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Posted on  

May 16, 2002

Canadian Plan Moves Toward Kyoto Ratification

OTTAWA, - The Canadian government has issued a four-part action plan that would allow the country to meet its obligations under the Kyoto Protocol (news - web sites) on climate change but Canada is still trying to engineer a deal for major breaks in its emissions limits.

The discussion paper, leaked Tuesday and released Wednesday, shows that the government's most favoured option is to trade "clean energy credits" with other countries, a plan that has, so far, been resisted by the European Union (news - web sites) (EU).

"The question is no longer should Canada act," Environment Minister David Anderson said at a news conference Wednesday. "It is very much a question of how Canada should act. "So today, the government of Canada is releasing a discussion paper that identifies a range of options that will lay the foundation for discussion with Canadians about what road we will take."

The Cabinet is split on Kyoto ratification. Anderson has worked for four years to come up with a plan on greenhouse gas emissions that would conform to the Kyoto Protocol. Other ministers and government officials have been sceptical of Kyoto, with one senior minister saying that global warming (news - web sites), if managed properly, could be beneficial to Canada.

"We can and we must try to slow the pace of climate change, but we can't stop it," Natural Resources Minister Herb Dhaliwal said at a conference on navigation at the Bedford Institute of Oceanography in Halifax, Nova Scotia, Tuesday.

"A longer shipping season could lead to greater economic prosperity,'' Dhaliwal said, adding that ships could soon begin using the Northwest Passage in Canada's rapidly-warming arctic as a link between the North Atlantic and Pacific oceans.

Canada could then "take advantage of the opportunity side" of climate change, Dhaliwal said.

The government, however, maintains the position that climate change is a threat to Canada. The western Canadian plains, a major cattle and grain producing area, is entering its third year of drought; record-low water levels on the Great Lakes have forced ships to travel with reduced loads; and parts of Canada's arctic are experiencing melting of permafrost that has been frozen since the beginning of the last Ice Age.

The government's four options include:

- A broad range of industries that emit greenhouse gases would be forced to cut their emissions by buying emission permits. The government expects gasoline and energy prices would increase and some energy-intensive industries would face financial trouble.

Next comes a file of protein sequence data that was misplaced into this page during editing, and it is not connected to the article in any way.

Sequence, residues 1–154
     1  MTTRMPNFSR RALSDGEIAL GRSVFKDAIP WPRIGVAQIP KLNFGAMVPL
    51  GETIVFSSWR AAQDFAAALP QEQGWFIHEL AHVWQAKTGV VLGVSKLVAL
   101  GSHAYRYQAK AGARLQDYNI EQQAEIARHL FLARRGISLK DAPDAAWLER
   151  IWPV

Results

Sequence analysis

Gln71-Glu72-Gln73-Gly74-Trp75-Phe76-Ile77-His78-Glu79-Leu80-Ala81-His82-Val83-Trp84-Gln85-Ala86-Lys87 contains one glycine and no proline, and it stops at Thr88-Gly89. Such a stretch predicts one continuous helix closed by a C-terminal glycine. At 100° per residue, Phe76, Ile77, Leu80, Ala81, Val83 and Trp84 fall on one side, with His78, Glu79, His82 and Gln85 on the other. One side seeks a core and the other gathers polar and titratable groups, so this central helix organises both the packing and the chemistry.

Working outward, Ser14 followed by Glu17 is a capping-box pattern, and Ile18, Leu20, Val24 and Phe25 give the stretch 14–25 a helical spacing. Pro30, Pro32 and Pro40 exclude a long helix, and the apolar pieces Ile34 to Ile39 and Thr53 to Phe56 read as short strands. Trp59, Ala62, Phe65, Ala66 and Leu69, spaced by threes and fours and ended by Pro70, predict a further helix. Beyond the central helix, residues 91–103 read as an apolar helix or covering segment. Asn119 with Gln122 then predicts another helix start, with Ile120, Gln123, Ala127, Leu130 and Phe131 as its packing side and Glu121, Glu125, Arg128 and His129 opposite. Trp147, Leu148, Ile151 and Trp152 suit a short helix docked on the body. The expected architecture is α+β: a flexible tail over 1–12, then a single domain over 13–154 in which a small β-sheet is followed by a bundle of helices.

- This is the most expensive approach for the Canadian federal government. Industries and consumers would have to meet reduction targets, and governments would help by pumping money into Canada's poor-quality public-transit systems and renewable energy. Consumers would have to pay higher parking fees and tolls on highway.

- Heavy polluters like oil and metal refineries, oil sands producers and pulp and paper mills would be forced to curb emissions output. The rest of the emission reductions would come through cuts achieved through targeted measures and international pollution permit purchases by both government and business. Of the options analyzed, this would likely have the biggest impact on the economy, reducing Canada's gross domestic product by about 0.6 percent.

- This is the government's preferred option, according to the discussion paper. It is a modified version of Option 3 that sees more firms get involved in reducing emissions and gives breaks to fast-growing industries. Regions and sectors would be able to buy clean-energy export credits from other countries. Like Option 3, this option strives to avoid pushing up prices of fossil fuel such as gasoline.

Sierra Club (news - web sites) of Canada spokesperson John Bennett, who oversees the group's lobbying on climate change issues, said he believes the Canadian government is still hoping for a break from the European Union on Kyoto limits.

"I have been convinced all along that the talk of Canada not ratifying Kyoto has just been a gambit to pry concessions from the European Union," Bennett told IPS Wednesday. "And that's pretty much the consensus in the Canadian environmental community.

"Now, finally, they've put something on the table. It's a series of plans that have some flaws, but are still, for the most part, workable."

Bennett said the Canadian government wants to have a Kyoto agreement soon, preferably before the country hosts the Group of Eight meeting of leaders of industrialised countries in Alberta this summer.

"This set of options also shows that they are looking at possibilities other than just the negotiations with the EU. Now it's a matter of them coming up with a plan that works," Bennett said.
 

 

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